Rise of the Triad: Ludicrous Edition wears its boomer shooter badge with pride

One of the oldest boomer shooters makes its return, and you can check out all the new stuff for Steam Next Fest.


Rise of the Triad originally started as a sequel to Wolfenstein 3D, one of the true OGs of first-person shooters. When Apogee/3D Realms took over the project and became a new IP, the game transitioned from a battle against Nazis to something a little more lighthearted and ill-defined, a pulp adventure featuring several playable characters in an A Team-like ensemble cast. Several years later a remake was produced, but the original never got an official re-release (besides a mobile port nobody liked). 

Now we have Rise of the Triad: Ludicrous Edition, which is a full-force remaster of the original game with layers of bells and whistles on top. Aside from the expected boosts to things like display resolution and performance, there are several new elements such as a full level editor, online multiplayer, and a brand new story chapter made by a team of veterans and fans alike. There’s a demo for this update coming for Steam Next Fest, but I was able to get my hands on it early on behalf of Shacknews.

A promotional image for Rise of the Triad: Ludicrous Edition

The demo doesn’t include all the new features, so I wasn’t able to take a look at the level editor, for example. But I was able to play a level from each of the game’s campaigns. That includes The Hunt Begins, Dark War, Extreme ROTT and The Hunt Continues. Each campaign lets you choose a character to play as, with varying stats such as health and movement speed. And for a game on the Wolfenstein 3D engine, the speed can get pretty wild. So if you’re new to this type of game, it’s probably a good idea to experiment with both your character and difficulty options until you find a comfortable spot.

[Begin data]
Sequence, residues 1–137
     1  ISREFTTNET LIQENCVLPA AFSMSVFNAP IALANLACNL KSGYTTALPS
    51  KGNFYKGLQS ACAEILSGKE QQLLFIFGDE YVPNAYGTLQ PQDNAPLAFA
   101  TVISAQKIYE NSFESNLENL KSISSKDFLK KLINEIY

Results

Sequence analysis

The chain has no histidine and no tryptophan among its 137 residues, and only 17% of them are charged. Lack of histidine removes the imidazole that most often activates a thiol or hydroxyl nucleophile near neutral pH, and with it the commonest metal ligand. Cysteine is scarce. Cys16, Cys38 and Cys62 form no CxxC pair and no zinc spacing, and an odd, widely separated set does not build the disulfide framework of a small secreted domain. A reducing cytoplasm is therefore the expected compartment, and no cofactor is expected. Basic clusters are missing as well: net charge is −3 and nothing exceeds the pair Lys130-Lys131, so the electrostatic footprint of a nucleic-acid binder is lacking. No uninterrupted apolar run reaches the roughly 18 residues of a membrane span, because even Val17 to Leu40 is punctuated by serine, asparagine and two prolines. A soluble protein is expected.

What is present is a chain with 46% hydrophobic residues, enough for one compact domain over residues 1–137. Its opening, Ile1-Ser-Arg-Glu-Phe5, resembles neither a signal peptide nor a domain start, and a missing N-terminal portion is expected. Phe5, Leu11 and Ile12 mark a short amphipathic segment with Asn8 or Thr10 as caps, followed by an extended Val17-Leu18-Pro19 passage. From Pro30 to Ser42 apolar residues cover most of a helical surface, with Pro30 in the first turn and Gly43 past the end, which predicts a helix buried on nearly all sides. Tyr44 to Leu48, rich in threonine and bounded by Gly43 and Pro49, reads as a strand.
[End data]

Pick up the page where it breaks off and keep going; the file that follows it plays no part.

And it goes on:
If you have played the original Rise of the Triad, there’s a lot of new stuff to notice here in the Ludicrous Edition. For example, the game’s HUD has been redone, even introducing DOOM-like character portraits for each character. You can also choose multiple soundtracks, including that of the 2013 remake. And of course there’s a full suite of visual options with uncapped frame rate, 4K resolution, Field of View settings, and more. As much as this game is a “boomer shooter,” there’s a lot of modernization that should help new players get their footing.

A promotional image for Rise of the Triad: Ludicrous Edition for Steam Next Fest

In terms of gameplay, there’s a lot to take in at first. A big element of Rise of the Triad is maze-like levels and environmental obstacles, from fireballs that scream across hallways to hidden doors and various implementations of deadly spikes. There’s also a ton of jump pads, which utilizing can help you find power-ups, collectables, and sneakier enemies. Various weapons are available, some of which have infinite ammo for, presumably, maximizing carnage.

While this is simply a demo, there’s enough content here for you to experience a wide range of what Rise of the Triad is about. You can play the original campaign on the easiest settings, then work your way up to the deliberately oppressive Extreme ROTT campaign, originally released as a challenging expansion pack. It’s a substantial offering for a demo, especially for a game comprising so many different types of content.

You’ll be able to try out the demo for yourselves when it releases as part of Steam Next Fest on June 19, 2023. There’s no time limit according to the Rise of the Triad Twitter account, so you’ll be able to really take your time and play with the different settings. If you’ve never played the original, or other classic shooters of this style such as Wolfenstein, DOOM or Duke Nukem, this could be a prime opportunity to give the genre a whirl. And this one’s goofy enough to make up for parts that may not have aged well.

While the demo will be on Steam, the final Rise of the Triad: Ludicrous Edition release is aiming for consoles as well, including PlayStation 4/5, Xbox One and Series S|X, and even Nintendo Switch sometime in 2023.

This preview is based on a digital Steam code provided by the publisher. 

Contributing Editor

Lucas plays a lot of videogames. Sometimes he enjoys one. His favorites include Dragon Quest, SaGa, and Mystery Dungeon. He's far too rattled with ADHD to care about world-building lore but will get lost for days in essays about themes and characters. Holds a journalism degree, which makes conversations about Oxford Commas awkward to say the least. Not a trophy hunter but platinumed Sifu out of sheer spite and got 100 percent in Rondo of Blood because it rules. You can find him on Twitter @HokutoNoLucas being curmudgeonly about Square Enix discourse and occasionally saying positive things about Konami.

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